I’m often surprised how far this “06880” blog reaches. Approximately 1/3 of our readers are former Westporters, living all around the globe. Most have fond memories of growing up here. Otherwise, they would not be interested in what happens here today.
Of course, everyone has a story. It’s important to remember that not all of them are wonderful and rosy.
The other day, I got an astonishing email. I don’t know Kevin O’Brien. Yet his tale — which he allowed me to share — is like nothing I’ve heard before.
But — at least as much as everyone else’s — it needs to be told.
I lived in Westport 45 years ago. After dropping out of Staples High School, my sister kicked me out of her house.
I was a hippie type. I slept in Needle Park [the former hangout — now a concrete plaza — on the northwest corner of Main Street and the Post Road, across from the old YMCA Bedford Building], on a bench in the snow.
A kind young policeman sometimes checked on me to make sure I hadn’t frozen to death. I had just turned 17.
Across from Needle Park was a diner. Early in the morning, rolls were delivered. If I hadn’t eaten in a while, I’d pilfer one.
I sometimes panhandled for change at Needle Park. If I got 25 cents I’d get a huge slice at Westport Pizzeria. When I wasn’t lucky I used kitchen packets and hot water to make “tomato soup.”
I was 6-1, 140 pounds. I often went days without eating.
I volunteered at the telephone hotline crisis intervention center in the Y basement. Seasonally, I worked directing parking at the Westport Country Playhouse.
We had a group of mainly homeless friends we called The Family. I miss friends like Susan Burke and her sister Sarah, and Helen “Cricket” Wooten, none of whom I’ve seen since then.
Two other friends were Dee Dee and Marie. They occasionally used heroin, which was everywhere in Westport. I would like to find either of them.
For a while we rented the upstairs and attic at 35 Post Road West, across the foot of Wright Street.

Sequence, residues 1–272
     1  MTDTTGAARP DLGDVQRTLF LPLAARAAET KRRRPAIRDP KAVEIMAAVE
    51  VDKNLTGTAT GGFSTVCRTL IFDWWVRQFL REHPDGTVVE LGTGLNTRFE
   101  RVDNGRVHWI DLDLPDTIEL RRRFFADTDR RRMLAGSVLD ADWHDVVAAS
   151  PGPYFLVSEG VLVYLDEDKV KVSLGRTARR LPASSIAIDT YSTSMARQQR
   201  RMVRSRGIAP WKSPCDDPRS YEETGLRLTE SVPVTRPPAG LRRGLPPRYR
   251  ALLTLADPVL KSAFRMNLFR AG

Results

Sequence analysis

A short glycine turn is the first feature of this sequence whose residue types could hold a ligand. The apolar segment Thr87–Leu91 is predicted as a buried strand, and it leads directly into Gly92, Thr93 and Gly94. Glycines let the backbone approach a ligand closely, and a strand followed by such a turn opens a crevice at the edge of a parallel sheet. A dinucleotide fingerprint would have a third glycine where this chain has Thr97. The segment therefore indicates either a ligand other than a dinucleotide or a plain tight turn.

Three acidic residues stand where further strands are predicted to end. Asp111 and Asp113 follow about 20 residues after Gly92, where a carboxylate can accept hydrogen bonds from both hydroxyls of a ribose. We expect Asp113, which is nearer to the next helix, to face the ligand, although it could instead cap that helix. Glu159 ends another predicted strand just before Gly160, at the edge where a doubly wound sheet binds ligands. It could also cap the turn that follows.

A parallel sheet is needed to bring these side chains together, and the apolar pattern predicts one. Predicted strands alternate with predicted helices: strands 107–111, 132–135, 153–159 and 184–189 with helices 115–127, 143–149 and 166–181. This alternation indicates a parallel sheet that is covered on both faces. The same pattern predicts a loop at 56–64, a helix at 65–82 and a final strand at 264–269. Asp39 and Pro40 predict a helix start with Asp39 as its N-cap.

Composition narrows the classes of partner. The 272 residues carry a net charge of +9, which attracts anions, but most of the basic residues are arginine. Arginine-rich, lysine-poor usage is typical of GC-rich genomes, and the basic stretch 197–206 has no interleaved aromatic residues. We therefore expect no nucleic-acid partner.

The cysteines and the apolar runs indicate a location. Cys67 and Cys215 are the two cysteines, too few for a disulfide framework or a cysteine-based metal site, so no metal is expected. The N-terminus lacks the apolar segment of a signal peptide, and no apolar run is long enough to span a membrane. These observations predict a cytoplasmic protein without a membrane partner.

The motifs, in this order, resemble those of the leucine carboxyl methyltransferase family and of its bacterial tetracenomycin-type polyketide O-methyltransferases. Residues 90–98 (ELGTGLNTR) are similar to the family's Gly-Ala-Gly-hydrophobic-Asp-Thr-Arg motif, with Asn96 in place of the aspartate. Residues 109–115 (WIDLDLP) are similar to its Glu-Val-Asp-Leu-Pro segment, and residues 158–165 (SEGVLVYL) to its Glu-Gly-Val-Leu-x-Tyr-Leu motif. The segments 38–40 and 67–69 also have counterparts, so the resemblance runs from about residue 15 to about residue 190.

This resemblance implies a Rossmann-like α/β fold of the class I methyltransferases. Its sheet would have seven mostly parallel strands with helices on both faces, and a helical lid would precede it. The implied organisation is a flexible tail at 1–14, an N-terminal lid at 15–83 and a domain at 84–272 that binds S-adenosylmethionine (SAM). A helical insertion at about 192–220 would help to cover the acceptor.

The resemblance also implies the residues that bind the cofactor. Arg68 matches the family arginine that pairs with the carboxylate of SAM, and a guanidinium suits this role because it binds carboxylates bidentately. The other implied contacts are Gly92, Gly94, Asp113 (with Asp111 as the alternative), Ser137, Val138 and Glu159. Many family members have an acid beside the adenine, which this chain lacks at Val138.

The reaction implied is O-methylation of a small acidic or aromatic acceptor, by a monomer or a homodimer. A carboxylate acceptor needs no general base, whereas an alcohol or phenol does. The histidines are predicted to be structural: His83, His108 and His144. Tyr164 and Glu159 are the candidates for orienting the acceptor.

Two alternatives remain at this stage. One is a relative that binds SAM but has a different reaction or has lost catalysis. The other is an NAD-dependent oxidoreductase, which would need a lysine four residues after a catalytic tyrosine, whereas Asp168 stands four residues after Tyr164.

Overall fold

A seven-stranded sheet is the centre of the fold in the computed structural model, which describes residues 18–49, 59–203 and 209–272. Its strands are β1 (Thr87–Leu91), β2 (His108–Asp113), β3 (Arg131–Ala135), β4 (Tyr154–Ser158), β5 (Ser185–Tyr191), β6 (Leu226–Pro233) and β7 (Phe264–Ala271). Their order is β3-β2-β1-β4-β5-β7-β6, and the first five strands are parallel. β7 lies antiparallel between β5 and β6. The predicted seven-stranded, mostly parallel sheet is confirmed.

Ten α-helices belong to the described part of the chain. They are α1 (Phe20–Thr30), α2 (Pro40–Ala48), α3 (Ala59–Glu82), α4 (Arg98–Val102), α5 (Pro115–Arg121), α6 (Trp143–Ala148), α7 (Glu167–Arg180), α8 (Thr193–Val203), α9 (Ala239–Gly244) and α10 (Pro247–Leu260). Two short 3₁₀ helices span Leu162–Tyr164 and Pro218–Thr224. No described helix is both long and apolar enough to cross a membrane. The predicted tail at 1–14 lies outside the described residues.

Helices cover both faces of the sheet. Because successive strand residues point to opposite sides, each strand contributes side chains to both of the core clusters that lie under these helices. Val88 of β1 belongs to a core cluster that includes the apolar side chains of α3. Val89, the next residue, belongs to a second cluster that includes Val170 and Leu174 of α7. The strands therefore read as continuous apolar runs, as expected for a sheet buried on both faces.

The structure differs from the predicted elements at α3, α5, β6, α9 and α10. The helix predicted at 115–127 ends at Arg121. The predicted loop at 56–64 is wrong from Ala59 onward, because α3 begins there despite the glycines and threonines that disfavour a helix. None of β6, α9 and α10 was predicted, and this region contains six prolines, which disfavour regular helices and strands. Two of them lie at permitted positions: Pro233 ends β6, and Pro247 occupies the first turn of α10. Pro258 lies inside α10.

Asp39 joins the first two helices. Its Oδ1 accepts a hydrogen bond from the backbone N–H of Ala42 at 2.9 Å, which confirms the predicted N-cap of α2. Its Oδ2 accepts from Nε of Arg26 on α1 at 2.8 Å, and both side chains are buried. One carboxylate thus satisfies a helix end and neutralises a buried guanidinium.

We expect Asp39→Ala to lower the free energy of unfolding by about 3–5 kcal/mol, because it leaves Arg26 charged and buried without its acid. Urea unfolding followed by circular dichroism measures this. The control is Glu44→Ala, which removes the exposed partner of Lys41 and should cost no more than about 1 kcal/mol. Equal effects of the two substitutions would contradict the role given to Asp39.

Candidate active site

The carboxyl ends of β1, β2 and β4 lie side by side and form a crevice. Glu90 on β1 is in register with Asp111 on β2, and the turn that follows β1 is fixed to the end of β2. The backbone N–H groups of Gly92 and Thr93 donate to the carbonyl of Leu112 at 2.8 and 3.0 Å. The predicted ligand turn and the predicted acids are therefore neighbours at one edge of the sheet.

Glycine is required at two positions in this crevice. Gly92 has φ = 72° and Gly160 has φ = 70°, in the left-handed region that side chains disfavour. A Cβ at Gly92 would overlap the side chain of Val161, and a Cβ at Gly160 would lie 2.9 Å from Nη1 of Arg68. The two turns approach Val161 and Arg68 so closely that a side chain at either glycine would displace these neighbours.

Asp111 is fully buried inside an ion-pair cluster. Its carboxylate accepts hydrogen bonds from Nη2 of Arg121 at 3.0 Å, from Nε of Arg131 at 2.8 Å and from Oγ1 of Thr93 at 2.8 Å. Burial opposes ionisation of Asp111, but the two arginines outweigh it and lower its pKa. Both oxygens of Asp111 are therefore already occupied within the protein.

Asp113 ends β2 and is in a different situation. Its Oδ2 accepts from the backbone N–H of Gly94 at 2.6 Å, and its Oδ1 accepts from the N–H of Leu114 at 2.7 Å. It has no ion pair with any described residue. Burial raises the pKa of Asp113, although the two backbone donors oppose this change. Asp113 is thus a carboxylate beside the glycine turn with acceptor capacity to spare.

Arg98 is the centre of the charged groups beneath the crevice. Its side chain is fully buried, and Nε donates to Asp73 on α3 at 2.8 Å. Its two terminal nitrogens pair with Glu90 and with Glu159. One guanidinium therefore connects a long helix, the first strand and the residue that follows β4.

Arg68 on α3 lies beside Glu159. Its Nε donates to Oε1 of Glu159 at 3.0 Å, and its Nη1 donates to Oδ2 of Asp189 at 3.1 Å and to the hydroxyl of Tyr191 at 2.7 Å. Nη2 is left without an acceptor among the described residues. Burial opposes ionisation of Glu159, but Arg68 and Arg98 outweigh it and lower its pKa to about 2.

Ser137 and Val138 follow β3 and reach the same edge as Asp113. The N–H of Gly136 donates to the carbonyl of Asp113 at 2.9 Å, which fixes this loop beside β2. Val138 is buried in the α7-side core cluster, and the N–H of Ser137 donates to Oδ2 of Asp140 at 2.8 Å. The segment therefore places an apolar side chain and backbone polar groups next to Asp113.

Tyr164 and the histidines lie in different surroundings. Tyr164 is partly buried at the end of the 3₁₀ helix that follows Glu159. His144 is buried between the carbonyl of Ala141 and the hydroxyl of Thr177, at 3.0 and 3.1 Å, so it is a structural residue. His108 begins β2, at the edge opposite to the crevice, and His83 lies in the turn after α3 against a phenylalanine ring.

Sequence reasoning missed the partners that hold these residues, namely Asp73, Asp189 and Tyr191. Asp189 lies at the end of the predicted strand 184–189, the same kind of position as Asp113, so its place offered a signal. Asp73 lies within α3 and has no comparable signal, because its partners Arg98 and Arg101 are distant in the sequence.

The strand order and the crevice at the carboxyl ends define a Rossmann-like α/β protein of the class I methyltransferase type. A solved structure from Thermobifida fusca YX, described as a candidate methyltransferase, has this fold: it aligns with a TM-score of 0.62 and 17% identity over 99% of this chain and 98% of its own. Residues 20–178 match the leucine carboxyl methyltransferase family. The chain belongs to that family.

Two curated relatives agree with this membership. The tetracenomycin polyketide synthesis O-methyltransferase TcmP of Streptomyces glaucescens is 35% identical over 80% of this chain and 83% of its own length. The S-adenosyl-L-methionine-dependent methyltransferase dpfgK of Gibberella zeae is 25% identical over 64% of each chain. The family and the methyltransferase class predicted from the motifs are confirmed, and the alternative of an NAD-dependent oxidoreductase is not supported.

We sometimes hung out at Devil’s Den, and imagined the dragon/troll that lived under the bridge.
There were seemingly a lot of aimless, homeless kids back then. Celebs like Paul Newman and many more never stopped or tried to help any of them. I never understood that. They were all very charitable, just not in their own hometown where kids really needed help.
As tough as life could be, especially in winter, I loved Westport and have many fond memories. I guess it’s the difference between experiencing all that at age 17 and 18, rather than age 62.
I’m brokenhearted to see what happened to Needle Park (on Google Maps street view). I’m glad the pizzeria is still there, even at a different spot. On a visit in the ’80s I left notes written on paper plates for lost friends on the wall behind the counter, but never heard from anyone.
Eventually I left Westport and returned to Florida. A few years later I enlisted in the Navy. After 10 years of senior enlisted service I was given a meritorious commission as an officer.
I retired from the Navy in 1998, was elected to city council, and became vice president/director of operations for an international corporation in Georgia. I later retired for good, and moved to North Carolina.
I’m planning a visit to Westport in a couple of weeks, on the way back from a road trip through New England. Having developed some serious health issues, this is a bucket list trip for me. Westport is a chief stop. God bless Westport.
I guess I’m living proof that a homeless, aimless kid living on the street in Westport can turn out okay.